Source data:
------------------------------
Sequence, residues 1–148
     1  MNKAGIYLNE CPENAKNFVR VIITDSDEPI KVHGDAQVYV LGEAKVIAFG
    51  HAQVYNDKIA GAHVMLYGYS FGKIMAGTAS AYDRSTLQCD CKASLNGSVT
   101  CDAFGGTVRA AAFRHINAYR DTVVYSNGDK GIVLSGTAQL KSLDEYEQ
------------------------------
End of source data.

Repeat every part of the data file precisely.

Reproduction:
Sequence, residues 1–148
     1  MNKAGIYLNE CPENAKNFVR VIITDSDEPI KVHGDAQVYV LGEAKVIAFG
    51  HAQVYNDKIA GAHVMLYGYS FGKIMAGTAS AYDRSTLQCD CKASLNGSVT
   101  CDAFGGTVRA AAFRHINAYR DTVVYSNGDK GIVLSGTAQL KSLDEYEQ